A husband and wife have competing plans for getting out of debt. Alas, both are terrible.
Question: My husband had an accident and couldn’t work for several months. We lived on credit cards, and our balances ballooned to $20,000.
Before his accident, we paid off our bills every month. We both are eager to pay off those cards, but we have different ideas. He wants to borrow against our 401(k) and life insurance policy. That would cover all the debt.
I don’t want to cash out all that money and prefer to take out a second mortgage, which seems more reasonable and common. We’d be a couple thousand short, but I could borrow that from my step-father.
My husband doesn’t want to mess with the equity in our home and HATES the idea of borrowing from my family. So we’re at an impasse. What should we do? The interest rates are killing us!
— Julie in Tennessee
Howard Dvorkin CPA answers…
I seldom say this, but you’re both completely wrong.
Together, you managed to cover four of the six terrible ideas in the Debt.com report, What Not To Do When Seeking Debt Relief. The common thread through all but one of your ideas is borrowing against assets you already have — which doesn’t solve your debt problems. Instead, it simply moves them around.
Even worse, a home equity loan puts your home at risk of foreclosure. That’s the most dangerous option you’ve presented.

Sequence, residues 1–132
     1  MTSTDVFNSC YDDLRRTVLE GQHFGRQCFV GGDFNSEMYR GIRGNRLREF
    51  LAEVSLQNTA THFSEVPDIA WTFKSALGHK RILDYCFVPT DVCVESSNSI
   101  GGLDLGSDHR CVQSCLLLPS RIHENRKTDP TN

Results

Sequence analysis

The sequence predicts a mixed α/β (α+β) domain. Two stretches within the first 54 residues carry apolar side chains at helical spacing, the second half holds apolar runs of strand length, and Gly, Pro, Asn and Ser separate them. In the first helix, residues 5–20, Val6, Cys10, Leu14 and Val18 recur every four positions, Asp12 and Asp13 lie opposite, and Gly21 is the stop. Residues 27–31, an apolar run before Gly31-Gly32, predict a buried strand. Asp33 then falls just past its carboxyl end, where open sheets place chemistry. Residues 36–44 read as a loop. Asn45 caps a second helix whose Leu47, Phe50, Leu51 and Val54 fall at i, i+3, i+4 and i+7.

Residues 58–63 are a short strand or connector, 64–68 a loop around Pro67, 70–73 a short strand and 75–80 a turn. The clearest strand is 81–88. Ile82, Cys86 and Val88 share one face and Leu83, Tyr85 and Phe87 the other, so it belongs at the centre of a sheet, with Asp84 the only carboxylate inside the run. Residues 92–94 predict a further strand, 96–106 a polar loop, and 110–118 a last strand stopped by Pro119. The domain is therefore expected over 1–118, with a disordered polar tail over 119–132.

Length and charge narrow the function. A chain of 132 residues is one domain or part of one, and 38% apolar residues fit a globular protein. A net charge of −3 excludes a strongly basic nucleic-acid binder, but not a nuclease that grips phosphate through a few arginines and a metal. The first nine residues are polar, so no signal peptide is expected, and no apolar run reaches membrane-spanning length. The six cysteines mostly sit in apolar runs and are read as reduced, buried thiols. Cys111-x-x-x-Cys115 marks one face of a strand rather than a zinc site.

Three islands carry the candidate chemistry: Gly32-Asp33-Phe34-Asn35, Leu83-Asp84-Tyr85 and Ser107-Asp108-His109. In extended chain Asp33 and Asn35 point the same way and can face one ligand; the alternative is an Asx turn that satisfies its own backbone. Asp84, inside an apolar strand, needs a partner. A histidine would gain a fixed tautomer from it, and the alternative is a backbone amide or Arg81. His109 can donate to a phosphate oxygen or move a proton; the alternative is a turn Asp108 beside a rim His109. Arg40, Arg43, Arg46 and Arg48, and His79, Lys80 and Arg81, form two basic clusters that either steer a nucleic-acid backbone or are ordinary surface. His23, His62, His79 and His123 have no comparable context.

As for borrowing from family, that’s a legitimate option. Unfortunately, it’s fraught with peril. Borrowing money from relatives often exposes fissures in relationships, and since your husband is so adamantly opposed, I sense trouble down the road if you accept a loan from your stepfather.
So where does that leave you? I applaud your instincts to shed this debt as soon as possible. That’s truly admirable, and too many Americans ignore their debts until it’s too late.
Your first, best option is credit counseling. First, it’s free. Second, a certified credit counselor at a nonprofit agency will delve deeper into your finances than I can do here. Third, they may propose solutions that don’t involve liquidating your assets.
Debt.com can introduce you to a credit counselor, but this isn’t a sales pitch, you can just as easily find one by searching the Internet. How do you find a reliable credit counseling agency? Look for three things…
- The agency has been around for many years. I recommend at least a decade, preferably two.
- The agency has an A-plus rating from the Better Business Bureau. If the BBB doesn’t have a rating at all, move along.
- Online review sites have excellent reviews. If there are one or two bad reviews, that’s life. The majority, however, should be thorough and complimentary.
You might be a candidate for a debt management program, which could cut your credit card payments and your interest rates significantly. Again, that’s something you want to review with a professional. I have a feeling if you do, you and your husband will find a solution you can both agree on.
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Email your question to email@example.com and Howard Dvorkin will review it. Dvorkin is a CPA, chairman of Debt.com, and author of two personal finance books, Credit Hell: How to Dig Yourself Out of Debt and Power Up: Taking Charge of Your Financial Destiny.
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Article last modified on December 21, 2018 Published by Debt.com, LLC . Mobile users may also access the AMP Version: Ask The Expert: What's The Least Bad Answer? - AMP.